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Survey of the use of therapeutic hypothermia after cardiac arrest in UK paediatric emergency departments
  1. Barnaby R Scholefield1,
  2. Mark D Lyttle2,
  3. Kathleen Berry3,
  4. Heather P Duncan1,
  5. Kevin P Morris1
  1. 1Paediatric Intensive Care Unit, Birmingham Children's Hospital, Birmingham, UK
  2. 2Emergency Department, Royal Children's Hospital, Parkville Victoria, Melbourne, Victoria, Australia
  3. 3Paediatric Emergency Department, Birmingham Children's Hospital, Birmingham, UK
  1. Correspondence to Dr Barnaby R Scholefield, Paediatric Intensive Care Unit, Birmingham Children's Hospital, Steelhouse Lane, Birmingham B4 6NH, UK; barnaby.scholefield{at}


Objectives To ascertain current use of therapeutic hypothermia (TH) after paediatric cardiac arrest in UK emergency departments (EDs), and views on participating in a UK randomised controlled trial (RCT) incorporating early induction of TH in ED.

Design Anonymous web-based survey of 77 UK Emergency Medicine (EM) consultants from 28 UK EDs that see children during the period April–June 2010.

Results 62% (48/77) of surveyed consultants responded from 21/28 (75%) EDs. All managed children post cardiac arrest. 90% (43/48) were aware of the literature concerning TH after cardiac arrest in adults. However, 63% (30/48) had never used TH in paediatric practice. All departments had at least one method of inducing TH (surface cooling; air/water blankets; intravenous cold fluid or catheters). Reasons stated for not inducing TH included no equipment available (26%; 11/42), TH not advocated by the local PICU (24%; 10/42) and not enough evidence for its use (24%; 10/42). TH was considered based on advice from the local Paediatric Intensive Care Units (68%; 17/25) or likelihood of recovery after arrest (32%; 8/25). There was strong support for a UK RCT of TH versus normothermia (85%; 40/47). The proposed RCT was felt to be ethical (87%; 40/48) with use of deferred consent acceptable (74%; 34/46).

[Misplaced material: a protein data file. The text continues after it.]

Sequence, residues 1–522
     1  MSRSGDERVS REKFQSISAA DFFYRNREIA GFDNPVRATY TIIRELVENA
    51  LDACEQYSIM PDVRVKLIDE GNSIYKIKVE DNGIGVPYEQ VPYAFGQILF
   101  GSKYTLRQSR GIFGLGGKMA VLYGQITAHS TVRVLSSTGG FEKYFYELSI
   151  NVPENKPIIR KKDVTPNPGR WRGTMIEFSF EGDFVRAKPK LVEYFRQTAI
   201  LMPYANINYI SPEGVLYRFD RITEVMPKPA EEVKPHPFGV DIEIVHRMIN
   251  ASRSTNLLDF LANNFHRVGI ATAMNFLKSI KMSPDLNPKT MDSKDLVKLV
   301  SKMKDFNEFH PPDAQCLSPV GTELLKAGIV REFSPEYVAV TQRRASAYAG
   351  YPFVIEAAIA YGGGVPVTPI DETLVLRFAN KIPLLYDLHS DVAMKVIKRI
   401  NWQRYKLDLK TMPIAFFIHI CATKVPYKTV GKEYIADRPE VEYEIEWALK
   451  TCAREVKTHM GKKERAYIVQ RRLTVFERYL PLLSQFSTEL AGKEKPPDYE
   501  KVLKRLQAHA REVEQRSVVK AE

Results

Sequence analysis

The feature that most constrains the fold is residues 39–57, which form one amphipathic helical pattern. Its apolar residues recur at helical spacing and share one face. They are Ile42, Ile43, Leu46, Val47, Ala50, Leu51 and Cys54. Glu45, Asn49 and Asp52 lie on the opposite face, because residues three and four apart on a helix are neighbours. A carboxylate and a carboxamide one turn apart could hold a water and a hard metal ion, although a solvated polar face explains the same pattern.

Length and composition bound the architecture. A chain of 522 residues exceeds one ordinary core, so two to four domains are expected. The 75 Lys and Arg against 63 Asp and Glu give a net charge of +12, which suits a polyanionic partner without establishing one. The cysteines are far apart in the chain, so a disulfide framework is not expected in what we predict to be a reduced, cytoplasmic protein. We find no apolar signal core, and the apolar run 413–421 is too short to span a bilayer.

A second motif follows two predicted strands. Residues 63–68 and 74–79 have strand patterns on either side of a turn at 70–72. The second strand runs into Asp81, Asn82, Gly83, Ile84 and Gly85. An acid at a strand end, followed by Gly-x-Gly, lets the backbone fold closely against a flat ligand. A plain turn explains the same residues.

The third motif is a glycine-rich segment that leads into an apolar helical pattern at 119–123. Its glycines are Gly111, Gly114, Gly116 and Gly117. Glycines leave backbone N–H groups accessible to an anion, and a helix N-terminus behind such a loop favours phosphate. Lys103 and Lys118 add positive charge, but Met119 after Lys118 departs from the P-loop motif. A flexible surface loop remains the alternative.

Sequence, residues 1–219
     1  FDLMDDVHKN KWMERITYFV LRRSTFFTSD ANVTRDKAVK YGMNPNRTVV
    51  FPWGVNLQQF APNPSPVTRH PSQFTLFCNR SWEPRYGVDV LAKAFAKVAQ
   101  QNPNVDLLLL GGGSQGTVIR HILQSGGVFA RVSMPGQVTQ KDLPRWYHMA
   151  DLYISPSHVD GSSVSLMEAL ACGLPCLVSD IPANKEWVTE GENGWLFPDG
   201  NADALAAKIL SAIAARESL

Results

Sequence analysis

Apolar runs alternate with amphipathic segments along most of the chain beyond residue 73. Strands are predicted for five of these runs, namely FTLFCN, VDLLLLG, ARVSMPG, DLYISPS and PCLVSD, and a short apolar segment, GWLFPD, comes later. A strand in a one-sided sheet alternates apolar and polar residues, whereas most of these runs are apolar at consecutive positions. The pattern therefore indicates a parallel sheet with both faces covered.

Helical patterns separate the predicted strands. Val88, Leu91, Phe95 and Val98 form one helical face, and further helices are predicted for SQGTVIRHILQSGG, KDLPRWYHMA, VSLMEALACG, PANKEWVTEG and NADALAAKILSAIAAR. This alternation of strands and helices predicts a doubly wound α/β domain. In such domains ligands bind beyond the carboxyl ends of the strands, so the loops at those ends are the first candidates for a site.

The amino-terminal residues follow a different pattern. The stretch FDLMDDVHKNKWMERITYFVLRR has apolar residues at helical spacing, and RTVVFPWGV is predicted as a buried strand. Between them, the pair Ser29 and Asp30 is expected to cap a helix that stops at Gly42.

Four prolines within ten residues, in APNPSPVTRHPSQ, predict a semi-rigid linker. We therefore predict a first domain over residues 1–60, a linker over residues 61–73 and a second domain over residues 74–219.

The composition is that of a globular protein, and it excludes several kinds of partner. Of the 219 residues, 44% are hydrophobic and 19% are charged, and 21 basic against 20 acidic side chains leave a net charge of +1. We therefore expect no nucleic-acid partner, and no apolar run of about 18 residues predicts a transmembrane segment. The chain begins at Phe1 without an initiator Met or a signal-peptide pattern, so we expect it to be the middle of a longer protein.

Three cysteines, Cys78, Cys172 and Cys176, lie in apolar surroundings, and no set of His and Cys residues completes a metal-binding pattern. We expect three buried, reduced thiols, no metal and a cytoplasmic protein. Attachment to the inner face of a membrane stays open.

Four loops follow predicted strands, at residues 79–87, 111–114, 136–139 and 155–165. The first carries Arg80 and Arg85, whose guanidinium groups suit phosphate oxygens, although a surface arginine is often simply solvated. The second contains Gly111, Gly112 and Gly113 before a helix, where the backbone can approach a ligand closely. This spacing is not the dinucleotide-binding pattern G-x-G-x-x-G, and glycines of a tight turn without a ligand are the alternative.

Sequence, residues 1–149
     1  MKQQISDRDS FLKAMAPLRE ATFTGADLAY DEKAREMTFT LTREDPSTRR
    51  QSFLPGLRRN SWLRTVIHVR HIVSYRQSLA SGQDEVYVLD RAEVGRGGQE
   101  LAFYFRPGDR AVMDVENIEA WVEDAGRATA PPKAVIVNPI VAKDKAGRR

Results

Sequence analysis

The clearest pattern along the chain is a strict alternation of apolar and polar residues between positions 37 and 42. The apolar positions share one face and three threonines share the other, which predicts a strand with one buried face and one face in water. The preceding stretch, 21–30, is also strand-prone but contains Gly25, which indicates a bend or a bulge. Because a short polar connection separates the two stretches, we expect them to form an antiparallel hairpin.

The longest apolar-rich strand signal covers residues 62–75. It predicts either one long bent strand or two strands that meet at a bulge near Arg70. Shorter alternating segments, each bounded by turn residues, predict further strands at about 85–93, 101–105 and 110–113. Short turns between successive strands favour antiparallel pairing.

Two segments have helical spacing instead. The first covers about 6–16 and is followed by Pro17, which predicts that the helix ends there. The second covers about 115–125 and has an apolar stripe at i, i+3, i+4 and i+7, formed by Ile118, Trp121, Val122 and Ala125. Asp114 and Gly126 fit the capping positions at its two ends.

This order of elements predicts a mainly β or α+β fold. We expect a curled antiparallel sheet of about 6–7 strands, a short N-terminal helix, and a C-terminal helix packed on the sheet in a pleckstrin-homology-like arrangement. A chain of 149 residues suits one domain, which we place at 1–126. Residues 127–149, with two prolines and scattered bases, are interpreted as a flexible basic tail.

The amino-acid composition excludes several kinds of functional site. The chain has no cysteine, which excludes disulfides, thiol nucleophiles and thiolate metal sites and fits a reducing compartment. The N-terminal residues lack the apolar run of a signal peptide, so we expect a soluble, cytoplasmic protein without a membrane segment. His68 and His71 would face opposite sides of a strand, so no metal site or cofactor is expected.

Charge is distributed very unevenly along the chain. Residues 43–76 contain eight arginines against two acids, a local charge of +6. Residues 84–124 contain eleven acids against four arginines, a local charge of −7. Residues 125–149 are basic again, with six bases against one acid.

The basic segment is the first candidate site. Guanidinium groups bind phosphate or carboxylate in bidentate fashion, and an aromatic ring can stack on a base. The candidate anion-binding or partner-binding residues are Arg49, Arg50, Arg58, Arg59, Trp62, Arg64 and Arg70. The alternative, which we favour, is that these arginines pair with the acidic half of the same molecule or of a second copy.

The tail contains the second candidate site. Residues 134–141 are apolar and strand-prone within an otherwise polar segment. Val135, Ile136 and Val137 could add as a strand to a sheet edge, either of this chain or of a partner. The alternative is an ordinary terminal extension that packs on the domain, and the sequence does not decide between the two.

Conclusion UK EM consultants are aware of TH but infrequently initiate the therapy in children for a number of reasons. Their involvement would enable early induction of TH in EDs after paediatric cardiac arrest during a UK RCT. The authors have demonstrated the availability of suitable equipment and EM consultant support for participation in such a RCT.

  • Paediatrics
  • emergency medicine
  • cardiac arrest
  • hypothermia
  • paediatric emergency medicine
  • resuscitation
  • research
  • clinical care
  • emergency department
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  • Competing interests None.

  • Ethics approval This study was a service evaluation via a survey of medical practitioners working in emergency medicine in the UK; we, therefore, were satisfied that ethics committee approval was not required.

  • Provenance and peer review Not commissioned; externally peer reviewed.

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